Anonymous said...

Denis, I am a long time music freak and have spent a good deal of time in studying, writing, and playing it, from a classically informed perspective.

It occurred to me that almost any skill fits well into your model of 'theory vs. practice,' music being a good example.

For instance, one can learn to play a music instrument and compose perfectly competent pieces without any serious grounding in the theoretical aspects of harmony and composition. However on another level, music is rarely practice in a theoretical sense at all, since most of what we call 'theory' is simply a study of historical practical uses – whereas theory would be the study of wavelengths and the human ear, etc.

I think throughout history one needs only look at the arts and sciences to see that quite advanced results were gleaned without any firm understanding of their theoretical basis – for instance gothic architecture, or Renaissance polyphony. Does anyone think the Egyptian pyramids were built with full knowledge of the mathematical principles behind them?

It really is a quite recent development that we've convinced the public at large to believe that one must acquire a massive background in theoretical study in order to be 'qualified' to offer up a worthy product, skill or idea. I think the rise of this attitude is concomitant with the rise of large university and other institutions of mass hierarchical subversion of human talent, like public schooling and the creation of a massive government class of professional bureaucrat pen twirlers.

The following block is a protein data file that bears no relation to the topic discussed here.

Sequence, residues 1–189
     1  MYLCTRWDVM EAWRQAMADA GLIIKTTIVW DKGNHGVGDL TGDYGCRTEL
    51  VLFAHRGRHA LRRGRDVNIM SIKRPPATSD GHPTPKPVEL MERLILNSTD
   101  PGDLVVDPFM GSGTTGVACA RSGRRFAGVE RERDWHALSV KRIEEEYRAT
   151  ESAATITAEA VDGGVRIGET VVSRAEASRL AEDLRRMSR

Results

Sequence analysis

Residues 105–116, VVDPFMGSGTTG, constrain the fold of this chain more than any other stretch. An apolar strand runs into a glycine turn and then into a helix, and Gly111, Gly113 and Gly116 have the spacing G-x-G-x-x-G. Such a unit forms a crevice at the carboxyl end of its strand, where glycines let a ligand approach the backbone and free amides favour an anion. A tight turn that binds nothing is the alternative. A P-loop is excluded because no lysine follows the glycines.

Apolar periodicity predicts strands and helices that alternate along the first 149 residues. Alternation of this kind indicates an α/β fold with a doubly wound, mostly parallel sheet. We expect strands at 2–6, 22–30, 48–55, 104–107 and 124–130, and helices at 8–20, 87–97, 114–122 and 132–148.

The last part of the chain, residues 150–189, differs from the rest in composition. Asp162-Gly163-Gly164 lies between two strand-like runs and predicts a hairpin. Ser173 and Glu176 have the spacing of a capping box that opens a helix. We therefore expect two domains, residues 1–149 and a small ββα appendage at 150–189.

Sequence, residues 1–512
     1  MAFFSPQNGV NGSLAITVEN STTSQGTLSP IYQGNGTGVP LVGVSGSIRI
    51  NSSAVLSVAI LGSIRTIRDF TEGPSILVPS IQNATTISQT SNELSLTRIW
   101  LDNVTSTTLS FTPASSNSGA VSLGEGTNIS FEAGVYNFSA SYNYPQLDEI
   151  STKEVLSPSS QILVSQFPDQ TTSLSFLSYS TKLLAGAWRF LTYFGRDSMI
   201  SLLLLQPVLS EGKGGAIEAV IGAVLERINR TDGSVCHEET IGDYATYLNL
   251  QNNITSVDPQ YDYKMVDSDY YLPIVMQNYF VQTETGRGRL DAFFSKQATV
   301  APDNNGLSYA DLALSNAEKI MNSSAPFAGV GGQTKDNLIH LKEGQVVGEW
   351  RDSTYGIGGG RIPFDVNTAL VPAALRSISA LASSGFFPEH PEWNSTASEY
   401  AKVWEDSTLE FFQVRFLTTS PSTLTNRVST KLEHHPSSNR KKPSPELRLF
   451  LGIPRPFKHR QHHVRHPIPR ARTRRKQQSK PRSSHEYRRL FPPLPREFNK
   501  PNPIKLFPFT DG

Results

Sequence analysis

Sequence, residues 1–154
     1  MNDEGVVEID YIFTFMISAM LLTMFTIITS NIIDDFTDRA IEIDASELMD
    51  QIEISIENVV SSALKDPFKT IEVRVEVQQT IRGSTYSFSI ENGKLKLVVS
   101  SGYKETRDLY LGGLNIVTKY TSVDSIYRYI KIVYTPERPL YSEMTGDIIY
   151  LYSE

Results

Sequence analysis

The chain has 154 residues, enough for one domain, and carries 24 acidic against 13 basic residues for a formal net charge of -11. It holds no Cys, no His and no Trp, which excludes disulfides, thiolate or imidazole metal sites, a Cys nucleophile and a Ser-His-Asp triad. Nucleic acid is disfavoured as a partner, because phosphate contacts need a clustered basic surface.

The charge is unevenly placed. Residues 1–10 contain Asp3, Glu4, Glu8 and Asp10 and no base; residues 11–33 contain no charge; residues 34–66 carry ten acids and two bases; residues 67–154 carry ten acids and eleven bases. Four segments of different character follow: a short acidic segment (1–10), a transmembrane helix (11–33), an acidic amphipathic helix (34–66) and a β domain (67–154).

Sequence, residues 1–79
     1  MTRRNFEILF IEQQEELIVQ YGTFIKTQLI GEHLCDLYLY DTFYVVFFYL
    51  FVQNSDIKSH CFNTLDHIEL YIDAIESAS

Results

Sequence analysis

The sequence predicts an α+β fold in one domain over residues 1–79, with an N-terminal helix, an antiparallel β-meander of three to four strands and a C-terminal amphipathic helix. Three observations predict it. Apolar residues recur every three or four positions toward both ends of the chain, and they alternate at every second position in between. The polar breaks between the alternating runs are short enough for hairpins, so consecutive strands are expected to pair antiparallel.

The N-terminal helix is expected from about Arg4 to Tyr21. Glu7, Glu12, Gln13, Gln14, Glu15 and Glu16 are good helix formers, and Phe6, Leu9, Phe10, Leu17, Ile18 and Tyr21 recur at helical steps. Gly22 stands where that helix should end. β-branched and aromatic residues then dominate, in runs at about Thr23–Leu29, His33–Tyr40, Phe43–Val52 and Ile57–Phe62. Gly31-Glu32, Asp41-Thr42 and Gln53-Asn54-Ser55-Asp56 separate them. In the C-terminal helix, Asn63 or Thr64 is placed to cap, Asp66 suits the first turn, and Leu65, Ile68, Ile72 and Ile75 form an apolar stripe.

After all weren't there 12 year old masters of astronomy in the middle ages? A large portion of what modernity has succeeded in accomplishing is to forestall human freedom and ingenuity while the highway robbery of tax and university accreditation has their pick at us.

In reality, practice always trumps theory because without practice, the use of the theory is null to begin with. At its apex, theory can help to improve practice but beyond that is a deleterious effort bent on forestalling progress.

Anonymous said...

I would also like to add that evolution of life itself is a quite good demonstration of practice over theory, in that it would be impossible to go about living if each person were to be expected to fully understand all of the complex 'accidental' systems which have accrued and culminated in his experience of living.

Denis Rancourt said...


We certainly are on a common wavelength. The Fourier transforms of our thinkings have an overlapping peak.

You will enjoy reference-2 of the post...

"Theory" = Knowledge-book-keeping-and-hoarding-and-controlled-dispensing by high-priests.